I am gratified by the education that I received in Sociology, since receiving the Ph.D. at UNC, I have had a rewarding career in academia. At first I was on the faculty as an Assistant Professor in the School of Public Health, Department of Health Education, at UNC. Then I became Director of American Indian Projects in the School of Social Development at the University of Minnesota Duluth. (My heritage on my mother’s side is Omaha and Pawnee; my mother grew up on the Omaha Reservation and attended Bureau of Indian Affairs boarding schools until she met my father while she was working for the Bureau of Indian Affairs.)
I finally retired in 2003 as a full professor. During the interim, I published extensively in two principal areas: (1) American Indian well-being (including health, education, and economic conditions) and (2) sustainable development. With regards to the latter, I have lectured within scholarly exchange programs at universities in China (five trips) and Pakistan. I have also presented papers in Finland, Scotland, Russia, South Africa, Cameroon, Sri Lanka, Mexico, Australia, and Canada (where I had a year’s position as a visiting scholar). I have made multiple trips back to East Africa (where I had taught prior to obtaining the Ph.D. and where I conducted my dissertation research). Most significantly, I mentored University of Minnesota students doing practical internships in Kenya.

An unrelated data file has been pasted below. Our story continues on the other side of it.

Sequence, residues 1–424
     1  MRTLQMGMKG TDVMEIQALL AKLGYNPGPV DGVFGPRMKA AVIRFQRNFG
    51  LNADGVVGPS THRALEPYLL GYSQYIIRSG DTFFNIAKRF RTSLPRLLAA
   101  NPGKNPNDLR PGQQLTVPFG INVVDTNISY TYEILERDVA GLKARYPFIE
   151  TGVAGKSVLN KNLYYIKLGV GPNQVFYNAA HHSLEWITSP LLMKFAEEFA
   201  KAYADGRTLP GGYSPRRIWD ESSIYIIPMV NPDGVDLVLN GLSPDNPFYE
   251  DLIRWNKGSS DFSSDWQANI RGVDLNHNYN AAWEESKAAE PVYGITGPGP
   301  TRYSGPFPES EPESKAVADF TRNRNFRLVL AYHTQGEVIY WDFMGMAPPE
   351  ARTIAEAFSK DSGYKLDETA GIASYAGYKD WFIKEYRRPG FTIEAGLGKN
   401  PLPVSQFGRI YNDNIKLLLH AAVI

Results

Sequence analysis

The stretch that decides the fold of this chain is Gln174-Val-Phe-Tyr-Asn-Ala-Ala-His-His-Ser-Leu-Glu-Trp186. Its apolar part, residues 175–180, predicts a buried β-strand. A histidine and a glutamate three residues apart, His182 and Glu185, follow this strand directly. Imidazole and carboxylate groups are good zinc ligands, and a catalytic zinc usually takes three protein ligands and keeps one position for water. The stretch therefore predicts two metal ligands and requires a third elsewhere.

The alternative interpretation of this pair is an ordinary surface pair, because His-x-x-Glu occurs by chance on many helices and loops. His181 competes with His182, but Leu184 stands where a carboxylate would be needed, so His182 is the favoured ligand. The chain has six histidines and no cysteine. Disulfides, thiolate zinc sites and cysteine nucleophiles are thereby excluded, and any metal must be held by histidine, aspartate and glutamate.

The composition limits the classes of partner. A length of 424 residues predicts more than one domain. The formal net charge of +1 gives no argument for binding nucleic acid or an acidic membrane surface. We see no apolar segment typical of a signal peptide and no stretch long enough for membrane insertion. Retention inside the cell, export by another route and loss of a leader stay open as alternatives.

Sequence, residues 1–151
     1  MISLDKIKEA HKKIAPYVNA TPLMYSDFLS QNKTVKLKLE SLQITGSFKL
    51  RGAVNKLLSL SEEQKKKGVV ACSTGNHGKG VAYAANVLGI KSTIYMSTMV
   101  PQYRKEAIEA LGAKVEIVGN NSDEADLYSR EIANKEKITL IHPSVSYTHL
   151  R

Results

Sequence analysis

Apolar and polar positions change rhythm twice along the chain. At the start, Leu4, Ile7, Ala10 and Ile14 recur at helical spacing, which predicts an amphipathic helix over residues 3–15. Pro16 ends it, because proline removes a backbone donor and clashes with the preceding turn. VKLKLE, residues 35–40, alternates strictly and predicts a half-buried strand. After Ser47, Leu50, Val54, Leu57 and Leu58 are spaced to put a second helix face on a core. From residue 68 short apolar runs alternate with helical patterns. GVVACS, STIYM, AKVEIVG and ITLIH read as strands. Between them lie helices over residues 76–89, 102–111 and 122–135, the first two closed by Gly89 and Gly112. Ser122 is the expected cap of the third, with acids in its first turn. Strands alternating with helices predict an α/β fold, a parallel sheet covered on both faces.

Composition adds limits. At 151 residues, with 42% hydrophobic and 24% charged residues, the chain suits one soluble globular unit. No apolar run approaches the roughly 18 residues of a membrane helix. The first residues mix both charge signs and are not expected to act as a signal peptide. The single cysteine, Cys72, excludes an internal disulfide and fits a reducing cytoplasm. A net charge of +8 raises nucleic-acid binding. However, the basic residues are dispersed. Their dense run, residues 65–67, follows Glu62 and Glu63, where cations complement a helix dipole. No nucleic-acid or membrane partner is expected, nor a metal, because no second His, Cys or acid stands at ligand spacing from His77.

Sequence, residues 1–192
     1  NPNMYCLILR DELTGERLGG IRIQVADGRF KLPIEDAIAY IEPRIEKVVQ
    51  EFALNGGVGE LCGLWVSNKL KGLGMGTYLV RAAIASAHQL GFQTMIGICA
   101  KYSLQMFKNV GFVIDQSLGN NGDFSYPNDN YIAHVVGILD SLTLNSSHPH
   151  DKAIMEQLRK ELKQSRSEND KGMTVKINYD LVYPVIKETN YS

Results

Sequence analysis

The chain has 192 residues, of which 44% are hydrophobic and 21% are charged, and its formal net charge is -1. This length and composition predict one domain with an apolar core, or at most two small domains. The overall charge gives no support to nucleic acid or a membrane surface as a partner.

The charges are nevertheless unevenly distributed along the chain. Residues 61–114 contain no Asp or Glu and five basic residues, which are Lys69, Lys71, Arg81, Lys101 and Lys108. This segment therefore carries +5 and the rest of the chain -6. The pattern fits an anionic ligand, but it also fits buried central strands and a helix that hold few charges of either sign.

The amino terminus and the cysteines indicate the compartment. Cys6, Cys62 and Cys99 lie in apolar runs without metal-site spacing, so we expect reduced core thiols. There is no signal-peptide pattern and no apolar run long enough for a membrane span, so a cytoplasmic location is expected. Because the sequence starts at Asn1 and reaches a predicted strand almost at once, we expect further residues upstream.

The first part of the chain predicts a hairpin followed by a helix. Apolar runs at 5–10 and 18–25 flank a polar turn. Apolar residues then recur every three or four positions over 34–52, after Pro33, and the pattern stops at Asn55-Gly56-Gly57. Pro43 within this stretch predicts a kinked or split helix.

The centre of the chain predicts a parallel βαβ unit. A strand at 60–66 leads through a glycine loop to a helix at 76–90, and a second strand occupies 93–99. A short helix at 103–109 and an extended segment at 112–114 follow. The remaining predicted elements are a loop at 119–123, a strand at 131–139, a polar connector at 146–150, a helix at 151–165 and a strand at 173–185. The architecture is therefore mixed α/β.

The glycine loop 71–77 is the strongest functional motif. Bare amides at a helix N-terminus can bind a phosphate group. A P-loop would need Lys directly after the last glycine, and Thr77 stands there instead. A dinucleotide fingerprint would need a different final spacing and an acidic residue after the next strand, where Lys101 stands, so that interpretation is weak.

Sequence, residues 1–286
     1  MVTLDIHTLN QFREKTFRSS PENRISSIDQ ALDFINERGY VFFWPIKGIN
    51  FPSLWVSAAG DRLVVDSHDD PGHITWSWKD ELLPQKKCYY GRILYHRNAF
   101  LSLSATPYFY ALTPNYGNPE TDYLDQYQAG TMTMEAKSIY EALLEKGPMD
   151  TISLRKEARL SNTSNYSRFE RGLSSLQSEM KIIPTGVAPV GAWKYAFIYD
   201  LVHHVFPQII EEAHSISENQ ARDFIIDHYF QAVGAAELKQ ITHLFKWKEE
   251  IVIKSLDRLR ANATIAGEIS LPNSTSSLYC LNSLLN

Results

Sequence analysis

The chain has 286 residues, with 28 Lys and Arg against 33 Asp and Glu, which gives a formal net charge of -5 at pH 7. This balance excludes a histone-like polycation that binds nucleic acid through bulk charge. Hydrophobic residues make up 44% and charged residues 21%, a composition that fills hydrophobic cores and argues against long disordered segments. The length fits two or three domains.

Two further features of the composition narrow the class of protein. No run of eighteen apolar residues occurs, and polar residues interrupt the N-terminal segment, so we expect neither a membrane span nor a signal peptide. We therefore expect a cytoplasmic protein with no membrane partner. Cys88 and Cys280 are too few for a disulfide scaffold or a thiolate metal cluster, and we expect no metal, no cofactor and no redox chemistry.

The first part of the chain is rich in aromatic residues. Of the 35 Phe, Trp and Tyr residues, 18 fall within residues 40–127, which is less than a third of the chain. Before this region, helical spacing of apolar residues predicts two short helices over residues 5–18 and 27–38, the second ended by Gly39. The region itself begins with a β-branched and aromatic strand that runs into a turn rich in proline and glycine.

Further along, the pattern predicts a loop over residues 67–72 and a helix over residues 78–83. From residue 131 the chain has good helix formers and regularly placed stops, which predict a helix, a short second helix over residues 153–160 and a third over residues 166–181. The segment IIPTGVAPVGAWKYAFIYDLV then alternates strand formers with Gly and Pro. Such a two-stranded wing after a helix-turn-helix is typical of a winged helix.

While I am personally feeling some of the infirmaries of old age, but my quality of life remains good.
Submitted August 2015